Jack London Trivia: Well-Known Author Of The Call Of The Wild

Jack London is a literary hero and legend. Although most of his works were published more than a century ago, he still remains as one of the most recognizable names in the literary world today. His writings never wavered in their popularity as the decades went by. The man and his works are as popular today as they were popular over a century ago.

He became world famous in 1903 when his book The Call of the Wild was published. This was the book that made London a household name. This book was also his ticket to becoming the first writer to earn a million dollars from his writings.

Most people only know London as the author of The Call of the Wild but the fact is he had written dozens of works. And these are all great pieces of writing that fans of the written word should read.

Here are some Jack London trivia to help you learn more about the legendary writer:
1. His real name is John Griffith London but he preferred to be called Jack and this is the name he used in all of his published works. He also wanted to be called Wolf.
2. His real father has never been definitely established. Some say his father was William Henry Chaney, an astrologer who lived with Jack's mother Flora Wellman in 1875. Jack was born on January 12, 1876. On the other hand, some say that Jack's father was John London, a man married by Flora nine months after the birth of Jack.
3. Jack's family was very poor so he was often put to work as the breadwinner of the family. He was working even before he finished grade school. He held jobs that included selling newspapers at the Oakland water front, scrubbing the floors of dirty saloons, setting bowling pins in bowling alleys and working in a cannery for twelve hours a day. In his later years, London described his childhood as "my life has been one of toil".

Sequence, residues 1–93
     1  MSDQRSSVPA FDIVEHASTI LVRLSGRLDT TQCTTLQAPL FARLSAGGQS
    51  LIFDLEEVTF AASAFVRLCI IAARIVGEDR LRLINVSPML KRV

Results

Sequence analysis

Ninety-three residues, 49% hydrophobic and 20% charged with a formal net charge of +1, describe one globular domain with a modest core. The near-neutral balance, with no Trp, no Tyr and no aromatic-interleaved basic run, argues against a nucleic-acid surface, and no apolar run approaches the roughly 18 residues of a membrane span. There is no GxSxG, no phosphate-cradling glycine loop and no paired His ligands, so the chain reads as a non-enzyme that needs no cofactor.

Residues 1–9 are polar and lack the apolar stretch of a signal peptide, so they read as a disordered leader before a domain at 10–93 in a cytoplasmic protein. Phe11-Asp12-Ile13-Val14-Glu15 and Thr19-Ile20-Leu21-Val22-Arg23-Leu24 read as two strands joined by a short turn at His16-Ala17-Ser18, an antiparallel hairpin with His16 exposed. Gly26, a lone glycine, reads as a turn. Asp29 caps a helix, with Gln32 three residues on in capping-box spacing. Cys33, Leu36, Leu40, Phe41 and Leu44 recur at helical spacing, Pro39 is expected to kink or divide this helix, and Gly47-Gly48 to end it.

4. Typhoon Off the Coast of Japan, one of London's first published works was a product of his adventures as a sailor aboard the Sophie Sutherland, a sealing schooner that operated in Japan and in the Bering Sea. London joined the schooner's crew when he was just seventeen years old.
5. As a teenager, London worked as a fish patrolman as well as a pirate in the San Francisco Bay. He bought a sloop with the three hundred dollars he borrowed from a certain Jennie Prentiss, his former wet-nurse.
6. He once served a prison term at the Erie County Penitentiary for vagrancy. This happened after his return from the sea as part of the Sophie Sutherland crew.
7. London easily passed the entrance examinations at the University of California in 1896 after extensive cramming. He however dropped out after just one semester because he can no longer afford the university fees.
8. London died on November 22, 1916 at the age of 40, just less than a year before the United States entered World war I.
9. London's most popular works are his books about the North collectively known as the Northland Saga. These include The Call of the Wild, The Son of the Wolf, A Daughter of the Snows, The Faith of Men, Lost Face, Scorn of Women, and Smoke Bellew.
10. London's other major works include The People of the Abyss, The Iron Heel, When God Laughs, The Valley of the Moon, The Star Rover and The Assassination Bureau Ltd.


If you haven't read any of Jack London's writings and you don't know where to start, it's recommended that you begin reading the collection titled Great Short Works of Jack London which was first published in 1965 by Harper & Row. The book contains the stories The Call of the Wild, White Fang, Batard, To Build a Fire, In a Far Country, The Law of Life, Love of Life, and An Odyssey of the North.








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